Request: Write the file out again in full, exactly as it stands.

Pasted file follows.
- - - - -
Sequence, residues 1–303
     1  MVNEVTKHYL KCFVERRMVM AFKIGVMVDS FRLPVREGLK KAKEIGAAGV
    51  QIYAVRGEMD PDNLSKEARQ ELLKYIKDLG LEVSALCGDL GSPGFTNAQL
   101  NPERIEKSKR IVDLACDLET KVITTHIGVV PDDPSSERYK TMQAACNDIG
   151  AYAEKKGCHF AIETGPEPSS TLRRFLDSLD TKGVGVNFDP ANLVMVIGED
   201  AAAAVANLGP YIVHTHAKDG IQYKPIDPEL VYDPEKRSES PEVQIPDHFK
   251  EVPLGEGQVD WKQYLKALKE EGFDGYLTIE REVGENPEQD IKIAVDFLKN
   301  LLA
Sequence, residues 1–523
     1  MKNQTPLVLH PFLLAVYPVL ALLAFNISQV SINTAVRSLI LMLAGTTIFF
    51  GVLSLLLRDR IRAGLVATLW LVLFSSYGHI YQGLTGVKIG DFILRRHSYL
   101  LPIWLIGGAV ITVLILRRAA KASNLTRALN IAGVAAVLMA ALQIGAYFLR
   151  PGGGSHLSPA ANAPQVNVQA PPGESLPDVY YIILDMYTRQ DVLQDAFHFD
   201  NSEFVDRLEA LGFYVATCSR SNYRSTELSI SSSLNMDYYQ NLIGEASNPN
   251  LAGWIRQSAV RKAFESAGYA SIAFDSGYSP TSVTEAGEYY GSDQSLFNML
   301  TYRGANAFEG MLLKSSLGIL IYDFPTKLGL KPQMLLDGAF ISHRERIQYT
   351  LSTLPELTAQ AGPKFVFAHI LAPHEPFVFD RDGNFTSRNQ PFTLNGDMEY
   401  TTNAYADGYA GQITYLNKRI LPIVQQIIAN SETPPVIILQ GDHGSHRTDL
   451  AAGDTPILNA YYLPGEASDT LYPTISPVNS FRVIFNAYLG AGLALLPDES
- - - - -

Sequence, residues 1–303
     1  MVNEVTKHYL KCFVERRMVM AFKIGVMVDS FRLPVREGLK KAKEIGAAGV
    51  QIYAVRGEMD PDNLSKEARQ ELLKYIKDLG LEVSALCGDL GSPGFTNAQL
   101  NPERIEKSKR IVDLACDLET KVITTHIGVV PDDPSSERYK TMQAACNDIG
   151  AYAEKKGCHF AIETGPEPSS TLRRFLDSLD TKGVGVNFDP ANLVMVIGED
   201  AAAAVANLGP YIVHTHAKDG IQYKPIDPEL VYDPEKRSES PEVQIPDHFK
   251  EVPLGEGQVD WKQYLKALKE EGFDGYLTIE REVGENPEQD IKIAVDFLKN
   301  LLA
Sequence, residues 1–523
     1  MKNQTPLVLH PFLLAVYPVL ALLAFNISQV SINTAVRSLI LMLAGTTIFF
    51  GVLSLLLRDR IRAGLVATLW LVLFSSYGHI YQGLTGVKIG DFILRRHSYL
   101  LPIWLIGGAV ITVLILRRAA KASNLTRALN IAGVAAVLMA ALQIGAYFLR
   151  PGGGSHLSPA ANAPQVNVQA PPGESLPDVY YIILDMYTRQ DVLQDAFHFD
   201  NSEFVDRLEA LGFYVATCSR SNYRSTELSI SSSLNMDYYQ NLIGEASNPN
   251  LAGWIRQSAV RKAFESAGYA SIAFDSGYSP TSVTEAGEYY GSDQSLFNML
   301  TYRGANAFEG MLLKSSLGIL IYDFPTKLGL KPQMLLDGAF ISHRERIQYT
   351  LSTLPELTAQ AGPKFVFAHI LAPHEPFVFD RDGNFTSRNQ PFTLNGDMEY
   401  TTNAYADGYA GQITYLNKRI LPIVQQIIAN SETPPVIILQ GDHGSHRTDL
   451  AAGDTPILNA YYLPGEASDT LYPTISPVNS FRVIFNAYLG AGLALLPDES